– Em C
    Commented Sep 3, 2018 at 1:14
  • Yea that's accurate. Commented Sep 3, 2018 at 1:22
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    Hi, since your question is asking how to confront your friend about his joke not being OK, we will need to know what you said when first attempting this. "When confronted about his actions" is too vague for us to give any proper answer about. The more detail and specifics about exactly how you tried to confront him the better! :)
    – Jesse
    Commented Sep 3, 2018 at 6:06
  • Well I pretty much lost my cool when he said that and hit him in the mouth but in the past I've pretty reasonably talked to him about "hey man, that is not cool." when he's toed the line for things. Commented Sep 5, 2018 at 3:52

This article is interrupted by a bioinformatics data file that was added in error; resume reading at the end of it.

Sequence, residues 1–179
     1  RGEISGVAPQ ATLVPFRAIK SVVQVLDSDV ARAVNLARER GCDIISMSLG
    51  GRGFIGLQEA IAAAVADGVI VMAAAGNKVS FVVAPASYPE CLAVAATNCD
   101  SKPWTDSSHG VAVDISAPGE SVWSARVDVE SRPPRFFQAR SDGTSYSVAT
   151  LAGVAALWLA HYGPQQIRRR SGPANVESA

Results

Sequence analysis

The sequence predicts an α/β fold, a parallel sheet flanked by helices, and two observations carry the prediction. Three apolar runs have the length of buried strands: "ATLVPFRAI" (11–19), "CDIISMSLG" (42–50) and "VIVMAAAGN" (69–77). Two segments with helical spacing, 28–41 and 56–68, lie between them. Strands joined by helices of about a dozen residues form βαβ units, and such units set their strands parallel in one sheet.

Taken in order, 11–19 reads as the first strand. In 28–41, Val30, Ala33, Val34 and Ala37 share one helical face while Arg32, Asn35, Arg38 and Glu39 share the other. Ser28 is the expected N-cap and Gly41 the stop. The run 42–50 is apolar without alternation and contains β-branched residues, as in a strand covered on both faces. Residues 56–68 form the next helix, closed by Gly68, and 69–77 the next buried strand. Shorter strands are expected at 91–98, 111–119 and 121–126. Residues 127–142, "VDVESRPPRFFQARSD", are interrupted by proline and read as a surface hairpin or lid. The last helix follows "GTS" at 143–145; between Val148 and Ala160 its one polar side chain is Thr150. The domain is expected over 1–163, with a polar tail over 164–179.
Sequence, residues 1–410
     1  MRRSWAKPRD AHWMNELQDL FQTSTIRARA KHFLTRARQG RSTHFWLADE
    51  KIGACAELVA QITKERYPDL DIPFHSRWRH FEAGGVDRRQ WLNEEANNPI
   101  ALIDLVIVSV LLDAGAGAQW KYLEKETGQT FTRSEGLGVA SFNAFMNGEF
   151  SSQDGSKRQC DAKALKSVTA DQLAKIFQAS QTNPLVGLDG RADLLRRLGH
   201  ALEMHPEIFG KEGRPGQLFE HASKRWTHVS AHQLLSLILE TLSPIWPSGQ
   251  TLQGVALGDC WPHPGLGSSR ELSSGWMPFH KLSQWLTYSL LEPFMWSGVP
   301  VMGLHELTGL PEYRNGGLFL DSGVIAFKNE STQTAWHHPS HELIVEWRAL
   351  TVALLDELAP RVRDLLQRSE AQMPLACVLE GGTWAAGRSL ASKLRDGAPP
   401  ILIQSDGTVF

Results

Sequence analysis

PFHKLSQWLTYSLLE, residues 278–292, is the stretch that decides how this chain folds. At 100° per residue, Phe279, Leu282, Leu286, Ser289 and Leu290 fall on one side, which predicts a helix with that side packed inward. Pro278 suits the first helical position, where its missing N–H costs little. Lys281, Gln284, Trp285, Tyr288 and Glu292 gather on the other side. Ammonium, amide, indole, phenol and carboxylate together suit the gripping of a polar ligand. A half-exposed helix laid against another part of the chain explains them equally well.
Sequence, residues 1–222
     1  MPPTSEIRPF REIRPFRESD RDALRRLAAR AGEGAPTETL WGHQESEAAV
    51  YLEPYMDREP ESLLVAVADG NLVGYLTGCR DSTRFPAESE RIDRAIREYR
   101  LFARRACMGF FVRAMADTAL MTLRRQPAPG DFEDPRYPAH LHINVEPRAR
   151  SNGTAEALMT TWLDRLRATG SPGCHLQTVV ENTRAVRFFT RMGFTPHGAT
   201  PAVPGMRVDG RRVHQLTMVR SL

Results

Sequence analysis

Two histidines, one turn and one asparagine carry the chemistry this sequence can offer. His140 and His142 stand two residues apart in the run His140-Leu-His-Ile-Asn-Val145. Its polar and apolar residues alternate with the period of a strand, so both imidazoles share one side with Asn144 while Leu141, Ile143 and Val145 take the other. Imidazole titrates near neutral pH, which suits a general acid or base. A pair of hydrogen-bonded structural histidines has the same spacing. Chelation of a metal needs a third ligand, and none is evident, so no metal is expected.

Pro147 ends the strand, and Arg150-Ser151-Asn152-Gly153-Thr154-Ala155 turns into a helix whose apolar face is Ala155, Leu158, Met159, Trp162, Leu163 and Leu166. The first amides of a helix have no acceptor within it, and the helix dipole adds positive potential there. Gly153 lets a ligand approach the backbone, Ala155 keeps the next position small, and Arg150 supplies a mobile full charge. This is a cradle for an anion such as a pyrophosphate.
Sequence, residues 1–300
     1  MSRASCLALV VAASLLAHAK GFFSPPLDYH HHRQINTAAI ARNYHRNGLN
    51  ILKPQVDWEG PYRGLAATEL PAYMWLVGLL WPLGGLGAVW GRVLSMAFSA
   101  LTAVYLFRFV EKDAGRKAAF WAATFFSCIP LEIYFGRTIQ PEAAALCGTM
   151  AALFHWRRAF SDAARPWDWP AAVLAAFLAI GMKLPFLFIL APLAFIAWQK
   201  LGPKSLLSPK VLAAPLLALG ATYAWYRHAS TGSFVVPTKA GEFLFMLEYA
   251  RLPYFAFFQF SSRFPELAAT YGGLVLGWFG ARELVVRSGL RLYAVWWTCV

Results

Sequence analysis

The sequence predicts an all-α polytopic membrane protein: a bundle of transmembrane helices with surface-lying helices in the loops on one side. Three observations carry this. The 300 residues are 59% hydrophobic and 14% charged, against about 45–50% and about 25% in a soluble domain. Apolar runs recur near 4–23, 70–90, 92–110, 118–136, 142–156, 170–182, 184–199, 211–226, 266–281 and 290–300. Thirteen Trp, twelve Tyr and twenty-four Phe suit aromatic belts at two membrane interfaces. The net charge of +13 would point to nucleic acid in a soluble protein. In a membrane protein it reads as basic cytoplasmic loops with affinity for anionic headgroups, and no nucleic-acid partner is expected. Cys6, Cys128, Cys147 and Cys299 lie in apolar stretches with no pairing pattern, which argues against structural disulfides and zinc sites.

• speaking as one, people with (even mild) autism do really need pointers. Keep picking up on them. He might be embarassed and so batting it aside to minimise the embarrassment Commented Oct 18, 2021 at 13:17

2 Answers 2

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From your details it seems like the confrontation isn't right after the offense was made, which complicates things. In this case, with an extremely inappropriate joke, do not hesitate to reply instantly that this is off limits (family, girlfriend,...). It might make things awkward for half an hour and you might even get temporarily treated as a killjoy, but he has to know that this isn't ok. If you're with friends, they might even join you a bit like "yeah, not cool man" or even by not saying anything, as silence is a form of approval in this case.